We used data from the Tanzania HIV Impact Survey 2016–2017 (THIS) of the Population-based HIV impact assessment (PHIA) project, collected between November 2016 and June 2017 in Tanzania [4]. THIS is a cross-sectional and national representative, population-based survey aiming to provide information on HIV/AIDS indicators on the population-level impact of HIV-related prevention, care, and treatment interventions.Footnote 1 Participants were the heads of households (adults) with an age greater than 15 years old.Footnote 2 A face-to-face interview was used across 31 regions of the country.

The subnational geographic (region) strata implemented a stratified multistage survey sampling design. The data collection included three steps. In the first step, census enumeration areas (EAs) were randomly selected with a population size proportion probability. In the second step, a sample was randomly selected based on the households selected in the first step. Individual questionnaires were administered to eligible and consenting individuals in the household. In the third step, children under 15 years were targeted among a subset of selected households. Households and individual (adults: 15 + years) surveys questionnaire contained several modules: household characteristics, HIV knowledge, marriage, alcohol use, and particularly economic support.

Ethical consideration

Protocol for the THIS was reviewed and approved by the institutional review boards of CDC, Columbia University, Westat, the National Institute for Medical Research, and Zanzibar Medical Research and Ethics Committee before data collection [4]. All enumerators and survey staff, such as laboratory technologists, nurse interviewers, and supervisors, were trained on good clinical and laboratory practices as well as ethical protection of survey respondents, and each signed a data confidentiality agreement [4].

Variables

Individuals and/or households questionnaires presented different categories of variables per module. The economic support module contains multiple variables related to support. Regarding the economic support (dependent variable), participants were asked to answer the question: Has your household received any of the following forms of external economic support in the last 12 months? The households were likely to benefit from a range of external economic support. The various support provided at the household level contained: cash transfer (e.g., pensions, disability grants, child grants); assistance for school fees; material support for education (e.g., uniform, schoolbooks, etc.), income generation support in cash or in-kind combination of any; food assistance provided at the household or external institution; material or financial support for shelter; social pension, and other. The distribution of economic support among support was not the same among households. Some individuals were likely to benefit from more than one type of support compared to others. Economic support was defined as “1” if the household benefits from any form of support and “0” if the household head did not receive economic support.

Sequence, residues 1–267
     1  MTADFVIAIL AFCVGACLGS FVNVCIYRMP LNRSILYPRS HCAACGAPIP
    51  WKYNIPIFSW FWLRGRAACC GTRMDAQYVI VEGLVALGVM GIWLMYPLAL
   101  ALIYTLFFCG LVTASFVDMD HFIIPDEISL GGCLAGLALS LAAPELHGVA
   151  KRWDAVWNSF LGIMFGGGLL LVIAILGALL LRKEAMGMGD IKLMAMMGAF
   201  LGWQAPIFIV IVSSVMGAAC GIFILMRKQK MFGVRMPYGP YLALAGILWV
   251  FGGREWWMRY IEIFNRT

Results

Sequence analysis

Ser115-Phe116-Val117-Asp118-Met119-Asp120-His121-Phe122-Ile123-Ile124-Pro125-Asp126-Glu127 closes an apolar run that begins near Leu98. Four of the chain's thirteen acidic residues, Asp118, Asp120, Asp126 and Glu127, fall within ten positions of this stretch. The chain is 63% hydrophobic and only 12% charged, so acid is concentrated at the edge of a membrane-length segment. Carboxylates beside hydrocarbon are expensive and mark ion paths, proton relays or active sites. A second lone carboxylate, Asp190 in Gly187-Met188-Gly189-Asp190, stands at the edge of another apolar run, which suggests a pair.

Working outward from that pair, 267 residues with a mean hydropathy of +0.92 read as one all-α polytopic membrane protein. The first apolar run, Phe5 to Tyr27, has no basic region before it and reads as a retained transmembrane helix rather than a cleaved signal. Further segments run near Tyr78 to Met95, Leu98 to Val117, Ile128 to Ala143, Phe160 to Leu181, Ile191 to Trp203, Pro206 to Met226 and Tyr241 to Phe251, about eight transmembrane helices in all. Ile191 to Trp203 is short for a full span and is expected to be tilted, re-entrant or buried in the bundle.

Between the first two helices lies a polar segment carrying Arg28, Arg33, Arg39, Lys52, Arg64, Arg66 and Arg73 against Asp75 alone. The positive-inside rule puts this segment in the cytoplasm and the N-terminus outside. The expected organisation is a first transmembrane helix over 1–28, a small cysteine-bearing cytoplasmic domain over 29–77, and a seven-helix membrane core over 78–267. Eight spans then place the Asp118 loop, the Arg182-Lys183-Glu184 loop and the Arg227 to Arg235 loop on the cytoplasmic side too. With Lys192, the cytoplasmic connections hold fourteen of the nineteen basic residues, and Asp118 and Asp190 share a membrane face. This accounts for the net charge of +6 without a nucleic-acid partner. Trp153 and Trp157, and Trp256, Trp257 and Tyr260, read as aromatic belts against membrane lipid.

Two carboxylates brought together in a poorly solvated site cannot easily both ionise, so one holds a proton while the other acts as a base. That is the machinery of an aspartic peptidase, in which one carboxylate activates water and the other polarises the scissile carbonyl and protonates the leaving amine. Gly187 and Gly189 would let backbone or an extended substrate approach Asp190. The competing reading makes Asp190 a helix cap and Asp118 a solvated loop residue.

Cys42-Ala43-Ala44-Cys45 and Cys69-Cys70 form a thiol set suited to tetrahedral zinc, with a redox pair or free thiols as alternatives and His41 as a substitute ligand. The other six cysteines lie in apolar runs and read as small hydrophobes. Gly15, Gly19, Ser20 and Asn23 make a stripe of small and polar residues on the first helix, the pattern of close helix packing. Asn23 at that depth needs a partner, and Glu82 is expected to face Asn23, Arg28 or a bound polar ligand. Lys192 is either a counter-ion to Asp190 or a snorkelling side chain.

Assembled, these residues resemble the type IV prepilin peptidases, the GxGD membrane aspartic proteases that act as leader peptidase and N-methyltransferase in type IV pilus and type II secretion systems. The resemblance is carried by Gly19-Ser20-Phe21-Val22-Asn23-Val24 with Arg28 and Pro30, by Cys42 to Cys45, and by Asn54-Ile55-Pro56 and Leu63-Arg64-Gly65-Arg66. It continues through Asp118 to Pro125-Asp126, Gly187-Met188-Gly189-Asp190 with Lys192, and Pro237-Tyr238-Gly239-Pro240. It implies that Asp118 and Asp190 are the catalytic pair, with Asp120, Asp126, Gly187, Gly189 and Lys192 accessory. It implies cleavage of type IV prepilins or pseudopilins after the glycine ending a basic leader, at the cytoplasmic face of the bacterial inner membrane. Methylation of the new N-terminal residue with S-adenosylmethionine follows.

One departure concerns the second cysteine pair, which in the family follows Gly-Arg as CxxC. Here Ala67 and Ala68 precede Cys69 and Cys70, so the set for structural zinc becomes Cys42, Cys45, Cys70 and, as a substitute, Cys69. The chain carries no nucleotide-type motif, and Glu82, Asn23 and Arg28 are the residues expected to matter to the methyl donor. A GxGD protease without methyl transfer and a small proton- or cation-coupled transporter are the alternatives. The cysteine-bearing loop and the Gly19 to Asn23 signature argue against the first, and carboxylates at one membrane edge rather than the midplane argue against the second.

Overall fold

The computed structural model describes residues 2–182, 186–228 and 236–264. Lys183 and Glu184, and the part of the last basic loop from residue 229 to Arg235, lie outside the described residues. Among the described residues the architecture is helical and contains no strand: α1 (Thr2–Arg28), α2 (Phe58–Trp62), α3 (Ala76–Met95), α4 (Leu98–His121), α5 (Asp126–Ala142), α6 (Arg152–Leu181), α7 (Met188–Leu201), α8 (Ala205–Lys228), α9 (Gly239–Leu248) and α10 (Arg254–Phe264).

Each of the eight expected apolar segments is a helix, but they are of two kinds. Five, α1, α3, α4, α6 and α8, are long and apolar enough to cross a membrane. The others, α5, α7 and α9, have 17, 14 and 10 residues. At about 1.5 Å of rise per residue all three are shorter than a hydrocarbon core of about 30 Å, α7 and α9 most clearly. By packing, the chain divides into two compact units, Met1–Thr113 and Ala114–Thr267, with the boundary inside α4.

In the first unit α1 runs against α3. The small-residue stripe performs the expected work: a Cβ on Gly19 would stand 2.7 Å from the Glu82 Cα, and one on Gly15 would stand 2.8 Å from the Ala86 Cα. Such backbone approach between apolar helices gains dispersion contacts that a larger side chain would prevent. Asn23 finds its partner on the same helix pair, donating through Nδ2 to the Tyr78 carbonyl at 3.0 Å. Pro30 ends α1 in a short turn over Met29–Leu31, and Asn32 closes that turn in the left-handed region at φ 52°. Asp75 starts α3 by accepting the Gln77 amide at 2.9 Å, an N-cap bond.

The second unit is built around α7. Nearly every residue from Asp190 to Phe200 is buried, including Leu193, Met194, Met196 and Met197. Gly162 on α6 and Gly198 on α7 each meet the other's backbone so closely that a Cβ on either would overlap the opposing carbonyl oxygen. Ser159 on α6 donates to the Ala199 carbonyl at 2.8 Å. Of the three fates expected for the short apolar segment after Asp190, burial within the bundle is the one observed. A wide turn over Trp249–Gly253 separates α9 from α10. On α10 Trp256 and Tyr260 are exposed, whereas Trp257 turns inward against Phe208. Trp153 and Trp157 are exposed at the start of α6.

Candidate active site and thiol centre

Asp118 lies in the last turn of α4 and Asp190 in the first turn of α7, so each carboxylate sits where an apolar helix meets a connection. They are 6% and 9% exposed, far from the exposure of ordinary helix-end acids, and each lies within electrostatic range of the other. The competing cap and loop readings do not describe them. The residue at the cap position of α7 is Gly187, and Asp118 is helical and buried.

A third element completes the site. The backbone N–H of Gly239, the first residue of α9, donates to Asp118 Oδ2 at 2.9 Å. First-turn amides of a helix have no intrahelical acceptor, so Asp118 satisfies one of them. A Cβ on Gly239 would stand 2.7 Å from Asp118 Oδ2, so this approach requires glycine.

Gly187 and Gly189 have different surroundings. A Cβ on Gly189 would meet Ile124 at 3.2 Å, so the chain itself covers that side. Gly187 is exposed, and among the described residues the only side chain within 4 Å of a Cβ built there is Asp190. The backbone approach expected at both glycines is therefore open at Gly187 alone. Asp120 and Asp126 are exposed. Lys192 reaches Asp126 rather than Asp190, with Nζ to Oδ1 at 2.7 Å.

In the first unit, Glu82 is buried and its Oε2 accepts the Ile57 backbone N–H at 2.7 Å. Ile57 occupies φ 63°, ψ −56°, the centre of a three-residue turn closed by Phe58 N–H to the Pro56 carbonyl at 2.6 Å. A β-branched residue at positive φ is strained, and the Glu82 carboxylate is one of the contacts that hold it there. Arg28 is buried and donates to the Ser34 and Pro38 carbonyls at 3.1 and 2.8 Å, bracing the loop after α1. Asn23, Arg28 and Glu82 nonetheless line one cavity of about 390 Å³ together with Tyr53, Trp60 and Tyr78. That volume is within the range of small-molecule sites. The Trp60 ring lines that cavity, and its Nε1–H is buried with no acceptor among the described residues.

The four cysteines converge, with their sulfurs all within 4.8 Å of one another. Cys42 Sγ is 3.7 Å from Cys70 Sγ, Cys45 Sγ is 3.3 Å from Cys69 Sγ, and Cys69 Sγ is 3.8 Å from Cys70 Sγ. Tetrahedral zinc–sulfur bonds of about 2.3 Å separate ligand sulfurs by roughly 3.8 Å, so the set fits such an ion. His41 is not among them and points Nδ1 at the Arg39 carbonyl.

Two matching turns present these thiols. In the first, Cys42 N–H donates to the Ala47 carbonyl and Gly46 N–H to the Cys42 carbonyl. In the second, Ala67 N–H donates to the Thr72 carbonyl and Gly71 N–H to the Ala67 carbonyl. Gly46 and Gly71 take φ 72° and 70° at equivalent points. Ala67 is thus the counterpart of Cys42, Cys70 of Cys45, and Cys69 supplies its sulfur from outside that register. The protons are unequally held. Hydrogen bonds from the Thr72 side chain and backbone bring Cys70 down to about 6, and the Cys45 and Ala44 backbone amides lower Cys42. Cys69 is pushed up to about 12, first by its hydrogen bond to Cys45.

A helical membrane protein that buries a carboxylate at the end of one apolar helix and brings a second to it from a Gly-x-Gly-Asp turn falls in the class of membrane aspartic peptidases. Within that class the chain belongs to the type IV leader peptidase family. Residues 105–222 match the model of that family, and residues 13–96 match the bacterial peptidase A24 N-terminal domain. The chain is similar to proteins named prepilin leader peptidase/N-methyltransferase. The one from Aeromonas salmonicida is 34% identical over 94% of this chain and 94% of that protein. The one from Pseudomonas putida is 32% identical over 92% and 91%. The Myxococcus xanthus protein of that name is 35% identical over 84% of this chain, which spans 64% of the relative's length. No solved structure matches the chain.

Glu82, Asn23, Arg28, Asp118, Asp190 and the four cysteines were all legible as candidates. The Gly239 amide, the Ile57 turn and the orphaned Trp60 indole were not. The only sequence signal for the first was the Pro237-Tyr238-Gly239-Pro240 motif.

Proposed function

The HIV/AIDS serostatus was determined by pre-specified HIV testing algorithms that generally included a combination between home-based rapid HIV and confirmation with laboratory-based testing. Only two finals results of HIV/AIDS tests were possible: “positive” for infected persons and “negative” for non-infected persons. We considered these two groups for our analysis. It is worth noting that some respondents were not informed of their serostatus (not tested or had no definite outcome). As in previous studies, we used the HIV/AIDS serostatus as a binary variable where “1” for positive and “0” for negative.

Socioeconomic and demographic households characteristics were collected. Our analysis is based on a large list of explanatory variables primarily used in the literature [29, 30]. The wealth index measures the level of impoverishment and socioeconomic status of households. This wealth measure is built following the approach adopted by the Demographic and Health Survey (DHS). In practice, the wealth index measurement includes household assets, material and durable goods in the respondent’s house. The wealth index was indicated as a continuous and/or categorical variable. According to the previous studies, households characteristics such as marital status (categorical variable defined by 1 “Married”, 2 “Living together”, 3 “Widowed” and 4 “Divorced or Separated”, education (categorical variable defined by 1 “No education”, 2 “Primary”, 3 “Secondary”; 4 “More than secondary”), gender (binary variable defined by 1 “Female”, 0 “Male”), residence area (binary variable 1 “Urban”, 0 “Rural”), number of children, and age were also used as other explanatory variables to explain the benefit from economic support.